Ukraine: As the orange era stalls...The banking revolution grows
Ukraine’s financial institutions are thriving despite renewed political upheaval. A surge in M&A and IPO activity could be the next stage.
While the movement for political change has lost momentum, for the financial industry the revolution does not stop here. Local banks are thriving. Foreign banks are busy. And an increase in M&A and IPO activity could be just around the corner. Guy Norton reports from Kiev.
THE DRAMATIC EVENTS of the winter of 2004, when hundreds of thousands of protesters packed the snow-covered streets of Ukraine’s cities to demand a change of government, helped to change the country’s destiny. Almost at a stroke Ukraine went from being viewed as a Russian puppet state to a wannabe member of the European Union. More than three years on since the so-called dream team of president Viktor Yushchenko and prime minister Yulia Tymoshenko first came to power, has it delivered on its promise of wholesale political and economic reform?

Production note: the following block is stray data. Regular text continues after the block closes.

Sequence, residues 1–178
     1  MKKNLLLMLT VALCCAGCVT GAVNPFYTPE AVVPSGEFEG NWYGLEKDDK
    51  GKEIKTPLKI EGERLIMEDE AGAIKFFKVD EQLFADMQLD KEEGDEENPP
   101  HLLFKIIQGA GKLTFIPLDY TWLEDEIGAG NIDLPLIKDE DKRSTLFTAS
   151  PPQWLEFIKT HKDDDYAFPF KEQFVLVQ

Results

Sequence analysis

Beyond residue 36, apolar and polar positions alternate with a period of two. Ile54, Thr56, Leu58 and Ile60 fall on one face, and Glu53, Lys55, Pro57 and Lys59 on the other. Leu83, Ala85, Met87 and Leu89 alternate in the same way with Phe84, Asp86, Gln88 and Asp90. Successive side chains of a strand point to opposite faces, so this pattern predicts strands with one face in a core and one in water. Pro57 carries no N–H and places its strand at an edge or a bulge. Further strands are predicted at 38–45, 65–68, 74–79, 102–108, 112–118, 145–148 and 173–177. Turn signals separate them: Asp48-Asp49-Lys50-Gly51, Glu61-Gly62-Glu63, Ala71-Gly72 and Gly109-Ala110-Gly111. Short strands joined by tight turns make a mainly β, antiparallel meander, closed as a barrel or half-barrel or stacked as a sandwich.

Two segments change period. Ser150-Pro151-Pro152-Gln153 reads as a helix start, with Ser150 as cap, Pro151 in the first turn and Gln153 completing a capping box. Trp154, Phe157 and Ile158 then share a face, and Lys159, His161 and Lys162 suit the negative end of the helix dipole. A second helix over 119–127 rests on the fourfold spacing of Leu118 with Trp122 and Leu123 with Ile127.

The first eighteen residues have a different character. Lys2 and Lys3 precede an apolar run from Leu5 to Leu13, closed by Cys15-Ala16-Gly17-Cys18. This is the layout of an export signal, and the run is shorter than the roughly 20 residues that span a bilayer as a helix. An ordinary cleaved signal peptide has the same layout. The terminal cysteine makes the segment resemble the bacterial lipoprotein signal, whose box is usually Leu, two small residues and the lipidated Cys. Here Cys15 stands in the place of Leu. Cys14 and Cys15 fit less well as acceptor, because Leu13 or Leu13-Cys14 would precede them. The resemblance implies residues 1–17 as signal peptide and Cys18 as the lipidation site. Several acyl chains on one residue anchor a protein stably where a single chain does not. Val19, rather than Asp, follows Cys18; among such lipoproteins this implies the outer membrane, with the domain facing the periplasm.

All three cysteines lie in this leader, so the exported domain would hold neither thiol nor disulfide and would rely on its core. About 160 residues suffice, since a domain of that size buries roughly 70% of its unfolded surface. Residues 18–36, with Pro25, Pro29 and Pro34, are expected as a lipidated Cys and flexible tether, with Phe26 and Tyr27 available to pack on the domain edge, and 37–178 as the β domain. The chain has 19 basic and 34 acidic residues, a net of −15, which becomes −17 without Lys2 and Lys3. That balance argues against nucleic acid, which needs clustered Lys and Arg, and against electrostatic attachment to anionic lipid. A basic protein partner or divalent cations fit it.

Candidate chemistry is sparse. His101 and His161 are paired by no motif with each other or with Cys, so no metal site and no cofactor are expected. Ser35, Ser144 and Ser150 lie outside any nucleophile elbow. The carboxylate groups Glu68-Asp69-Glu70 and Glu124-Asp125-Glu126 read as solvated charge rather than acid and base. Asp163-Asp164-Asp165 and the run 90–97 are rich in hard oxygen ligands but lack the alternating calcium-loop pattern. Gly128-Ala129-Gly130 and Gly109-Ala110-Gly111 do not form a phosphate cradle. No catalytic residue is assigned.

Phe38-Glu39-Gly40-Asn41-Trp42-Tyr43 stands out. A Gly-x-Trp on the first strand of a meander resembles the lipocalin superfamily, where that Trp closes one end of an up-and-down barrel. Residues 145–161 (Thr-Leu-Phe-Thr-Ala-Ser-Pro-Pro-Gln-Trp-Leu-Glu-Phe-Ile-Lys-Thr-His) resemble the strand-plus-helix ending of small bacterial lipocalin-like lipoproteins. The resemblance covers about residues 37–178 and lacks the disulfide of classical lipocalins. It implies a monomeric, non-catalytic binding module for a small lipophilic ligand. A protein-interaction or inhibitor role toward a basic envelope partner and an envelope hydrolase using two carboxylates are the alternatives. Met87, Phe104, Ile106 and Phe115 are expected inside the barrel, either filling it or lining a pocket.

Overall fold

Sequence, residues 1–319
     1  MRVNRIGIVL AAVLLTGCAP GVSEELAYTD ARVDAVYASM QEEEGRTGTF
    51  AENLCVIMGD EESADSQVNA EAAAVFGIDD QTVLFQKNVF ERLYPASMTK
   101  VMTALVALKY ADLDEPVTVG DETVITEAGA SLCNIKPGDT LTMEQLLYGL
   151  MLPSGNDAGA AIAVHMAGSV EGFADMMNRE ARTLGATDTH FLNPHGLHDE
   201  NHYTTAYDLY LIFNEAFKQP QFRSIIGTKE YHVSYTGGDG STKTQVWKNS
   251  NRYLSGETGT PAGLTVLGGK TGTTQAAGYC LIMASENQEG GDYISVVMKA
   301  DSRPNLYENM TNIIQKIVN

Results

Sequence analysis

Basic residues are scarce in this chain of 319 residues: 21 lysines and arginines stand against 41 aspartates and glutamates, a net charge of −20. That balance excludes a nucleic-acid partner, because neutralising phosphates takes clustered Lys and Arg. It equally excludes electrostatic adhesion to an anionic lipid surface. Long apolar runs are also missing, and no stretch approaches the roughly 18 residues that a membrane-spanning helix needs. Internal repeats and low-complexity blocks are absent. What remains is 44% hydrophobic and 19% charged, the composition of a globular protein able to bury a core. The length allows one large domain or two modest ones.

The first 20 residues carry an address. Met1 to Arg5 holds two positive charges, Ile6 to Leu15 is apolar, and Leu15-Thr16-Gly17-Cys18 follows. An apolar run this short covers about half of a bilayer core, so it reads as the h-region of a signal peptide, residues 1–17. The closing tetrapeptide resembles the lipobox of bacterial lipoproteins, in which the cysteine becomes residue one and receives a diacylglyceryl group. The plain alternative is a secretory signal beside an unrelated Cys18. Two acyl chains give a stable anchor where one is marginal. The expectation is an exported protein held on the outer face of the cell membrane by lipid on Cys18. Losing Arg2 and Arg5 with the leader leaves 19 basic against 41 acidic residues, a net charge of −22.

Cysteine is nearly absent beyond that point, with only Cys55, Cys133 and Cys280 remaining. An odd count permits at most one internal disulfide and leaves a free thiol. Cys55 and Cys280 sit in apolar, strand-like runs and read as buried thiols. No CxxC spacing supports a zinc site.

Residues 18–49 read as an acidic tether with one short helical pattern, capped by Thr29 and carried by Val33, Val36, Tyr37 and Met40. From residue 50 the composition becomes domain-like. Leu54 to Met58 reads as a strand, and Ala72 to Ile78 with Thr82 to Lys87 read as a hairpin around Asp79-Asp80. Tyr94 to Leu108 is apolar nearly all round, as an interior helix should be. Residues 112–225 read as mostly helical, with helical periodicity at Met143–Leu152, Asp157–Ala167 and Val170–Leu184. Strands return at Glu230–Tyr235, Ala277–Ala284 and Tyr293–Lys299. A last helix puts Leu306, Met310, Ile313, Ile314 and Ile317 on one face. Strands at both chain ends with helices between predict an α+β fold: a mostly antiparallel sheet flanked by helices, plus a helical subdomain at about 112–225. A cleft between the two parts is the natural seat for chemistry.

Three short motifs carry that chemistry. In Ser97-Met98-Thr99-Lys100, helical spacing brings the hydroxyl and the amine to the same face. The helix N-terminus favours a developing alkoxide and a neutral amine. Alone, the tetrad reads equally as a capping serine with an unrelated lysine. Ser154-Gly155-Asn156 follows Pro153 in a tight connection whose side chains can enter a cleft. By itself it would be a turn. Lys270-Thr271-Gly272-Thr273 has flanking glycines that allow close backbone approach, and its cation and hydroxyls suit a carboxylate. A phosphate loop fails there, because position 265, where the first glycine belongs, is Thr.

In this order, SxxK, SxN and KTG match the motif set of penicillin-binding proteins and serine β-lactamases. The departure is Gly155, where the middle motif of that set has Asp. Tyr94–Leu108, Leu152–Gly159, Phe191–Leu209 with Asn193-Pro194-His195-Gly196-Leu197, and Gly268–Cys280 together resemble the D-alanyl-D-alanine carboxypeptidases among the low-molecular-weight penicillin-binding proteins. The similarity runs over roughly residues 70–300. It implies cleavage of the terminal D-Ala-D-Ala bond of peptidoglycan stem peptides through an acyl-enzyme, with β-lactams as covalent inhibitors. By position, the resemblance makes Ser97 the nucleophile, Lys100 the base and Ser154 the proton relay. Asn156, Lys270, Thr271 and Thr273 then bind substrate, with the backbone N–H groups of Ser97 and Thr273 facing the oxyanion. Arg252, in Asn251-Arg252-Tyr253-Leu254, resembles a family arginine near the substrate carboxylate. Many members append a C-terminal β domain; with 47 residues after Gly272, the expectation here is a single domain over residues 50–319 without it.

Among bankers and investors there is an almost universal belief that the Orange Revolution transformed the political perception of Ukraine for the better. "Before the Orange Revolution, Ukraine had slid into a hole," says Natalie Jaresko, managing partner of private equity firm Horizon Capital and a Kiev resident since the early 1990s.